THE perils of getting older. Aging up is sometimes traumatic. Formerly very good ten year olds become mediocre 11 & 12’s overnight. And often, the better they were in the younger age group, and the higher their expectations of success, the more traumatic the change is for them, because the more their “perceived competence” has suddenly nose-dived as they now race against bigger and stronger and faster competition. They are bonsais racing sequoia trees, and the standards of judgement have ratcheted up dramatically. The fastest kids are much faster than they are, to the point that they think they cannot compete, so they figure, “Why try? Working hard isn’t going to get me far, anyway. I may as well wait until my ‘good year.’” Often we see a tremendous jump upwards in practice intensity as swimmers approach their last meet in an age group (they want to go out with a bang), then a tremendous plummeting in that intensity as they become just one of the pack. This is in despite of the coach’s discussing the matter with the swimmer.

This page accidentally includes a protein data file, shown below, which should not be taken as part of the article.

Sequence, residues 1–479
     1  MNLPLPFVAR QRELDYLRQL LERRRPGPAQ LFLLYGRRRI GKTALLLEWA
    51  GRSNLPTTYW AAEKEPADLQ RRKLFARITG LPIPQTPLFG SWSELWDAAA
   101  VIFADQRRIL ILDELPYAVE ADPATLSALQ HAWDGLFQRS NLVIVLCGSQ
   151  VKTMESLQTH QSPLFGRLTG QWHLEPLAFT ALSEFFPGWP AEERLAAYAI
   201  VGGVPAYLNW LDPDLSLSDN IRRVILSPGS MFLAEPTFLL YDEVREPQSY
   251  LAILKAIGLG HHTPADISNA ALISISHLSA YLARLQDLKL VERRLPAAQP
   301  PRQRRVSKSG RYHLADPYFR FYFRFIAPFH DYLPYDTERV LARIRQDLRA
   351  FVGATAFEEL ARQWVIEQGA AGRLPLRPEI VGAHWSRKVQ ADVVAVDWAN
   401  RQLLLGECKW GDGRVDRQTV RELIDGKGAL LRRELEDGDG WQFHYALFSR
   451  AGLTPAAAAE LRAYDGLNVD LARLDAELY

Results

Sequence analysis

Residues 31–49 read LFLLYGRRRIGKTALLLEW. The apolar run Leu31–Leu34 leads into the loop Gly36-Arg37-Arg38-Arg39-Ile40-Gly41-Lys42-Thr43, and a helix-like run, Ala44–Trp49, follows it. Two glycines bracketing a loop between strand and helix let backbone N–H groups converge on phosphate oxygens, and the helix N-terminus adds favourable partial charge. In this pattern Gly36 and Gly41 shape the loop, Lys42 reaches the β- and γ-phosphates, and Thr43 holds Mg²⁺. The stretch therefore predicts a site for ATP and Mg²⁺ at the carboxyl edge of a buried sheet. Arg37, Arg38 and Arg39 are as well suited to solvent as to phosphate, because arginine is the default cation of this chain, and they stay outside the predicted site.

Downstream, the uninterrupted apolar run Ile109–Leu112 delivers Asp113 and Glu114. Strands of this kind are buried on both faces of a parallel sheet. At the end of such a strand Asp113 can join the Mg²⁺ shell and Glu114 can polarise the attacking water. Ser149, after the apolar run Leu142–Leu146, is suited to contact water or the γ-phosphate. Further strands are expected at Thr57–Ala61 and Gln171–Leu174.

A Special Note about Swimmers New to the NBAC Program. When they first join our program, no kids are hard workers. This sounds harsh, but it is true nonetheless. Compared with all other local swimming programs, we swim longer and harder and have much higher expectations. Swimmers have never really had to work very hard before, relatively, so they don’t know what it’s like. What used to be strenuous is now defined as easy swimming. Swimmers have never really had high goals before, relatively, so they don’t know how to make them or how to bring them about. What used to be fast isn’t any longer, and their new teammates are talking about strange things called “NRT’s” and “Quad A’s”. It takes several months for a swimmer’s body and mind to adapt to the new demands and new expectations. Often the initial shock to the system is difficult, but it is made superable by extra support and encouragement from parent and coach. And then they bloom. Many parents have remarked to me on the changes that the program has wrought in their children: we have a new child who is ready to take on the world, who is confident in his abilities, and who has new and much higher expectations of himself.